Using Attendance Tiers and Data

Tiers of Data: Tiers of Action

While it is helpful to encourage families and children to track absences, early education programs and their staff can use the data they maintain on attendance to identify when students are starting to miss too much preschool so they can intervene as early as possible.

What works to secure and then regularly review data varies depending upon the program or center’s capacity to use data. Access to and policies on preschool attendance data vary widely. Below you can read about our free data tools available through Attendance Works as well as information about management systems which offer chronic absence reports. 

Use attendance data to determine how many children you serve fall into each of the three tiers of intervention to understand what you need to put in place to support improved attendance. 

  • Tier 1: Children who miss less then 10 percent of days enrolled. A cause for recognition and celebration and ongoing family awareness and absence prevention activities 

  • Tier 2: Children who miss 10-19 percent of days enrolled. A trigger for problem solving with parents, and an opportunity to encourage improved attendance 

  • Tier 3: Children who miss 20 percent or more. A trigger for more intensive outreach to parents, possibly in collaboration with community services. Celebrate progress based on agreed upon short-term goals

Don’t forget to recognize achievement in all the tiers. Changing habits is hard work, for staff, for families and for children! 

Attendance Works Three Tiered System of Intervention

Tools for Gathering Data

Early education programs can use the data they maintain on attendance to identify when students are starting to miss too much preschool. Read on and learn how to gather the necessary data, how to use data and a summary of current attendance data policies.

Preschool Attendance Tracking Tool

Attendance Works created the Preschool Attendance Tracking Tool (PATT) to help programs produce chronic absence reports. Available for download at no cost, this Excel-based data tool creates charts that segregate data into three levels: less than 10 percent absence (strong attendance for preschool), 10-19.99 percent absence (moderate chronic absence) and 20 percent or more (severe chronic absence). These charts provide at-a-glance updates on attendance, so that preschool attendance leaders and teams quickly understand where their greatest attendance challenges lie.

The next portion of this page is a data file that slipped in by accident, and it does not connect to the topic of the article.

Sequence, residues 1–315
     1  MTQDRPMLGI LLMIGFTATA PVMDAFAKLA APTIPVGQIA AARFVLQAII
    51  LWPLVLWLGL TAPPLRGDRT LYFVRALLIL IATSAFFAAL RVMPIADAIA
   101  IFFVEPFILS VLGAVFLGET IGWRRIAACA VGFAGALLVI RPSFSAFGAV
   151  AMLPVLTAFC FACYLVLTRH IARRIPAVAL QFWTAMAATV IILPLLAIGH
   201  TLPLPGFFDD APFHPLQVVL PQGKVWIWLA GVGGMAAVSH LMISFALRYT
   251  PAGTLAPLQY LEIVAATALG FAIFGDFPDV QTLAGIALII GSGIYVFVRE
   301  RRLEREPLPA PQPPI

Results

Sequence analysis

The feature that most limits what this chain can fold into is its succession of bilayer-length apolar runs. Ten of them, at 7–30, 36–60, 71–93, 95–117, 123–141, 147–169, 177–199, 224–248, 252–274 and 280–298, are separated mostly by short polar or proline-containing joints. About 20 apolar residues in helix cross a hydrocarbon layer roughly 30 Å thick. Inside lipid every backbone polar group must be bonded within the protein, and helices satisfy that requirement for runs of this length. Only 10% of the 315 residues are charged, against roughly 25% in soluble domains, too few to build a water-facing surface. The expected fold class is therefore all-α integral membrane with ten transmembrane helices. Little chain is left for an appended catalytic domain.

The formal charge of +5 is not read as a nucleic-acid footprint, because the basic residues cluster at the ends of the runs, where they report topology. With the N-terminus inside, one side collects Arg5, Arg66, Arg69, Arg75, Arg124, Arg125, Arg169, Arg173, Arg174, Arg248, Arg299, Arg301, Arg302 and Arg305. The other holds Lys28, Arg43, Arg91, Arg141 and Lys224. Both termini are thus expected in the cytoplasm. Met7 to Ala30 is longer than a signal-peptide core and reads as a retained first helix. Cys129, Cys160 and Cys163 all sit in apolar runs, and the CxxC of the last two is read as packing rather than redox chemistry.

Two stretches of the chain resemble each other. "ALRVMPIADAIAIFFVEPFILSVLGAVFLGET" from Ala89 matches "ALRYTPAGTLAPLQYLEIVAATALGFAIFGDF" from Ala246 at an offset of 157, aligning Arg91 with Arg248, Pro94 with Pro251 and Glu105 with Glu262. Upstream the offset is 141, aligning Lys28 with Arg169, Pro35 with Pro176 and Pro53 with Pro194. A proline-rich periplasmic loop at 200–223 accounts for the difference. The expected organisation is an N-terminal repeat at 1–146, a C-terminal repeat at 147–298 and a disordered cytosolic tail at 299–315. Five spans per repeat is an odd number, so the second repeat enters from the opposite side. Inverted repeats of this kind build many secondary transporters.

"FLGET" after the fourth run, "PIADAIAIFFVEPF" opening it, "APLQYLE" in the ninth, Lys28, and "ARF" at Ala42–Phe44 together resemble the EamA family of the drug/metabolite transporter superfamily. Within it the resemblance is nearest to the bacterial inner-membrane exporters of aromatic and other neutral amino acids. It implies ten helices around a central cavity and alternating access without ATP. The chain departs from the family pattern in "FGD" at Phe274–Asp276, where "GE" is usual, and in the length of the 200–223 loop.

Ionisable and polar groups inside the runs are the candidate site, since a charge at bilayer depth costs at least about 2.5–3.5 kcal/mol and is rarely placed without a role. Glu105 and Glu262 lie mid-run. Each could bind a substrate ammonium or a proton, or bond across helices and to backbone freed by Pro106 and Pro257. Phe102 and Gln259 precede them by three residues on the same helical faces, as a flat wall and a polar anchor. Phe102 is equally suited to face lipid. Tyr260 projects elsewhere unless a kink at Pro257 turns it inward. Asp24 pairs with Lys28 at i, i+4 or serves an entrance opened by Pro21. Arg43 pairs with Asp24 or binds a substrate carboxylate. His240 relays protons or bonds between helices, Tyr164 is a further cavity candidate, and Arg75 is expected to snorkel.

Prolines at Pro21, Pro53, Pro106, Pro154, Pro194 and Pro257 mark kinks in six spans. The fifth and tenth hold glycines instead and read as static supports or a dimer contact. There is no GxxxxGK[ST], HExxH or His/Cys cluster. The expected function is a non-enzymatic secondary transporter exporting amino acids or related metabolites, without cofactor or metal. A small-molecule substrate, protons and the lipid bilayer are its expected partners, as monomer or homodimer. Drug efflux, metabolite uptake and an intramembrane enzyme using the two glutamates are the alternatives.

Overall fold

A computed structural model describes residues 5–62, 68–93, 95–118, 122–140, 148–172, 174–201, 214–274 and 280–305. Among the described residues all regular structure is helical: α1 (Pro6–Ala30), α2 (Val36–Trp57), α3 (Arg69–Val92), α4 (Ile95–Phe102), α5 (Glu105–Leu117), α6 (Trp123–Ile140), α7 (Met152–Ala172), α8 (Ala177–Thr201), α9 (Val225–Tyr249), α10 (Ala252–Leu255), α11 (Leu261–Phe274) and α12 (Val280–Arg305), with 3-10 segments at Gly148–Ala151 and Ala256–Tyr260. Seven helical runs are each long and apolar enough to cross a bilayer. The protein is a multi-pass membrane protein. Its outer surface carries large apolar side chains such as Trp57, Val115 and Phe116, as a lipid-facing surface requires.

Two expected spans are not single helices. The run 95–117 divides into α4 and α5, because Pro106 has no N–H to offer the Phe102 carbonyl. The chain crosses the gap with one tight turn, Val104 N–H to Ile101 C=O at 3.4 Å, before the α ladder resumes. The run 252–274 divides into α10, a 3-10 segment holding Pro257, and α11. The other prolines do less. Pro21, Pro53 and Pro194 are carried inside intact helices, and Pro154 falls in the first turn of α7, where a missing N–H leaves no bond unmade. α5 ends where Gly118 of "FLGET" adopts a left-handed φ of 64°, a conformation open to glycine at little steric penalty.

The PATT is aligned with our attendance tracking tools for schools and districts to allow the transition of information from preschools into elementary schools. Click here to register for access to the Preschool Attendance Tracking Tool (PATT).

Building off the PATT example, three data management companies, COPA, ChildPlus and Promis/ now offer chronic absence reports nested within their data systems. We are happy to work with preschool and elementary data management systems to make chronic absence reports easily accessible at the preschool level. 

For further information about how to use and interpret chronic absence data, please see this guidance.

Spreadsheet Collection

Preschools that don’t have a student information system and have a modest number of children enrolled can also use an Excel spreadsheet to track attendance and then calculate the percent of days missed. If needed, data can be collected by hand and then a staff person can enter it into the spreadsheet.

Collecting Data the Old-Fashioned Way 

If your preschool doesn’t yet have electronic or spreadsheet attendance data capacity, consider this “old fashioned” option: